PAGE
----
Photosensitivity in tarantulas

Paiige

Arachnobaron
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Oct 2, 2016
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331
So there's a thread on this from back in 2010, but

A. it's been seven years since then, and
B. it seems like the majority of Ts people have noted to be more light-sensitive than others are fossorial, which makes sense, or are pokies.

Taking this into consideration, I'm curious to know what your observations on this are. I've noticed my pesky G. pulchripes is extremely sensitive to light. I know they're considered nocturnal hunters, but this is true of her even when she's recently been fed and isn't hungry. I'm sure at least some of the Ts named photosensitive are probably noted as such because, honestly, no one likes randomly having a bright light shined in their face, especially when you live "underground" and are accustomed to darkness. I'm sure the vibrations attributed to running up to your T and fumbling for the flashlight on your phone are also probable cause for your T to turn tail and run.

My G. pulchripes will not leave her hide if the light is on. I've been scared that she's dead a few times because of this. Shining a flashlight, same thing. I've experimented with shining lights through both sides of her hide and she will literally turn and face the other direction. I've never experienced this with a T, and there was a period in time when my GBB's enclosure was in direct sunlight for a brief period of the day and he seemed to rather enjoy sunbathing, though I suspect that had more to do with temperature.

I did a little bit of reading and have a little bit of an understanding of how this works with other critters - i.e. orb weavers apparently can see "better" when it's darker and some spp. of scorpions have vision up to 1000x times more sensitive in the dark (Friedrich G. Barth) . So assuming this may or may not be true of some Ts, this would lead them to be more 'comfortable' when it's darker, especially since they don't have the best vision overall.

This little T of mine is driving me nuts and I'm really just trying to understand her better.
 

Venom1080

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my most photosensitive are H mac, H cf hercules, O sp hatihati, and my L borneo black. my pokies are pretty tolerant.
 

KezyGLA

Arachnoking
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I find arboreals to be the most sensitive to light. Especially the Asian sp.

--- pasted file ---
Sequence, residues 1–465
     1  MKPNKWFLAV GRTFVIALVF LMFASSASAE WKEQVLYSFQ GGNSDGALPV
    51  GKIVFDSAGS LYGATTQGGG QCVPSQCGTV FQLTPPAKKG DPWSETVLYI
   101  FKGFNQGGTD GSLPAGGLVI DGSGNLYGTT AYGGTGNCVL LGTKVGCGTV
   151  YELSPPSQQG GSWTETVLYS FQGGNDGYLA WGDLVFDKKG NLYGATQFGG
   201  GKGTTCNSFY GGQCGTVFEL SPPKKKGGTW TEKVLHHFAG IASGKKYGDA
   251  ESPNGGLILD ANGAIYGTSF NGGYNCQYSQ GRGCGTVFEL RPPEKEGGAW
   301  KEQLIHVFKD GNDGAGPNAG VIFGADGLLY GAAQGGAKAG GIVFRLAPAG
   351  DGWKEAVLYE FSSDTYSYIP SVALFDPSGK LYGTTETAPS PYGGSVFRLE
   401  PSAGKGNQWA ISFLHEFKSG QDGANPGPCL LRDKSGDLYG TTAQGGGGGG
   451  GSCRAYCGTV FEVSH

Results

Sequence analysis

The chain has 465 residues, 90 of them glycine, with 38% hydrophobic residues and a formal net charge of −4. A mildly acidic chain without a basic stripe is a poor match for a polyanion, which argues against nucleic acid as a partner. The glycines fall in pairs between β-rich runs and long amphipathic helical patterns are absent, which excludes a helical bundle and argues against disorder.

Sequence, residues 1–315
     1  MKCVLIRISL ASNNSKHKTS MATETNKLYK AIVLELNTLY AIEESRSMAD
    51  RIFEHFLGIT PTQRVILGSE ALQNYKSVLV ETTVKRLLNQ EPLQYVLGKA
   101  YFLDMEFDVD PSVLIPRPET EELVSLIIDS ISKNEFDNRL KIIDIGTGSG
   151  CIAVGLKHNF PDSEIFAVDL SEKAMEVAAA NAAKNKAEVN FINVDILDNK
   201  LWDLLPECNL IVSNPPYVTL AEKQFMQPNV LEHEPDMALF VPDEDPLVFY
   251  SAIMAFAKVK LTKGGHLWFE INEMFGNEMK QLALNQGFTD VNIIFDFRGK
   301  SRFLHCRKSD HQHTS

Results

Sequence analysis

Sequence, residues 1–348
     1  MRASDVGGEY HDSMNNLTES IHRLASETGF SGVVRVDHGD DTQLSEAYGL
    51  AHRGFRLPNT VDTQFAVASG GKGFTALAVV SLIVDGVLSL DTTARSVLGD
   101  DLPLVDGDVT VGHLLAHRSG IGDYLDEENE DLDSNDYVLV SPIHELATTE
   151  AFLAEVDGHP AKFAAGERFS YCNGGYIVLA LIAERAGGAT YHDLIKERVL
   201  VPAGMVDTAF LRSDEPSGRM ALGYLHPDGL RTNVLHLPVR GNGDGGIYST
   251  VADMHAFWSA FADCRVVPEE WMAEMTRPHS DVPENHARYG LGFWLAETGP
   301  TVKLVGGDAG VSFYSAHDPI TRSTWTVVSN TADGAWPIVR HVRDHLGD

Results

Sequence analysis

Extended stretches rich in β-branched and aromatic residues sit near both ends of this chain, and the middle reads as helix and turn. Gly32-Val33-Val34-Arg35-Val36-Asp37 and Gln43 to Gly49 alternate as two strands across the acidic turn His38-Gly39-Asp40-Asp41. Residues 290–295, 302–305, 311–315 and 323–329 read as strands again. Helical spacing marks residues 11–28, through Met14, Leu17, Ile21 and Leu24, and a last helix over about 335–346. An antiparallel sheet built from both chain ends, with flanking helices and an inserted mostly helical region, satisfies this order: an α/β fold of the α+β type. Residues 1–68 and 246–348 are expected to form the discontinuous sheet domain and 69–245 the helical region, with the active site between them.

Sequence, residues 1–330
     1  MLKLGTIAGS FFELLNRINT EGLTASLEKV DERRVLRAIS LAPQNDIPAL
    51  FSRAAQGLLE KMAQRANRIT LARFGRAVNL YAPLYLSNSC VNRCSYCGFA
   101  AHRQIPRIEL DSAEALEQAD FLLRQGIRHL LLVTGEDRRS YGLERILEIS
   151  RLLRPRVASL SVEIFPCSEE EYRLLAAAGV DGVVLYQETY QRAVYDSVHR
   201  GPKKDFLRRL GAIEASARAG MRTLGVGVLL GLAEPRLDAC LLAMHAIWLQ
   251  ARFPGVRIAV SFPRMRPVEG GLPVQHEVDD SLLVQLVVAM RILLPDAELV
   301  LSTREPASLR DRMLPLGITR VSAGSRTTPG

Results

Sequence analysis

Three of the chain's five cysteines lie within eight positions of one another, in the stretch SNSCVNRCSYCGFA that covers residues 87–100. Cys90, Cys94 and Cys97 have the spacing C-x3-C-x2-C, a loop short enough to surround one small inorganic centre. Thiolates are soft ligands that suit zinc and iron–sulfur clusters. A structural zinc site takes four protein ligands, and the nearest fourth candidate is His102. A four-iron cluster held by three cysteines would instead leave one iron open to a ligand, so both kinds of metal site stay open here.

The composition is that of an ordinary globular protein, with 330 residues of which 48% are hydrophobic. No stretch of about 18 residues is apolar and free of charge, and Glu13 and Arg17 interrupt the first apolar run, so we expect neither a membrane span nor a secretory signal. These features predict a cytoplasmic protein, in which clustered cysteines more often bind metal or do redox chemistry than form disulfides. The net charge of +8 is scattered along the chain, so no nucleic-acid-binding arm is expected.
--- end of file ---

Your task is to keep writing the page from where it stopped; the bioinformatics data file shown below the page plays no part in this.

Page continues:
I wouldnt worry about your pulchripes not coming out. As it turns juvenile it will be out more. Mine dont budge at all when the lights go on. Most of my terrestrials are fine. My Africans tend to get spooked now and then
 

HybridReplicate

Spectrostatic
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https://drive.google.com/file/d/0B4ZgRKH3qgffd0FYUjFQWVFRQkk/view?usp=drivesdk

Only on Aphonopelma chalcodes, but suggests a dual-sensitivity at near-UV & again at the green/blue spectrum. Explains why black lights are a bad idea & why they don't react to red light. I use a red LED flashlight & an LED light strip to illuminate the enclosures without any apparent reaction with all my Ts. They do react to white white light, although Chromatopelma cyaneopubescens & Aphonopelma seemani don't really seem to care other than drawing their knees up over their eyes.

I haven't found that it's been replicated or tested on other species, but would be interested in reading anything you know of.
 

Paiige

Arachnobaron
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Messages
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https://drive.google.com/file/d/0B4ZgRKH3qgffd0FYUjFQWVFRQkk/view?usp=drivesdk

Only on Aphonopelma chalcodes, but suggests a dual-sensitivity at near-UV & again at the green/blue spectrum. Explains why black lights are a bad idea & why they don't react to red light. I use a red LED flashlight & an LED light strip to illuminate the enclosures without any apparent reaction with all my Ts. They do react to white white light, although Chromatopelma cyaneopubescens & Aphonopelma seemani don't really seem to care other than drawing their knees up over their eyes.

I haven't found that it's been replicated or tested on other species, but would be interested in reading anything you know of.
Thank you! Neurobiology of Arachnids by Friedrich G. Barth is on my reading list right now, I've pulled bits and pieces from online sources because it's technically a textbook (did a "nearest library search" and the closest one is Harvard University) and I can't seem to find it for under $100 anywhere else. If you end up finding them cheaper, please let me know! :D

I wouldnt worry about your pulchripes not coming out. As it turns juvenile it will be out more.
Yeah about that, it was underground for so long that I'd kind of forgotten how big it is. I definitely wouldn't consider it a sling anymore :sorry:
 

KezyGLA

Arachnoking
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Yeah about that, it was underground for so long that I'd kind of forgotten how big it is. I definitely wouldn't consider it a sling anymore :sorry:
Well. Grown on :p.

What until roughly 2.5-3". Then they are great for display :)
 

Paiige

Arachnobaron
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Oct 2, 2016
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331
Well. Grown on :p.

What until roughly 2.5-3". Then they are great for display :)
I'll trust you on that, we shall see :D I wouldn't be surprised if I just end up with another T that behaves the exact opposite of how it's supposed to
 

HybridReplicate

Spectrostatic
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Thank you! Neurobiology of Arachnids by Friedrich G. Barth is on my reading list right now, I've pulled bits and pieces from online sources because it's technically a textbook (did a "nearest library search" and the closest one is Harvard University) and I can't seem to find it for under $100 anywhere else. If you end up finding them cheaper, please let me know! :D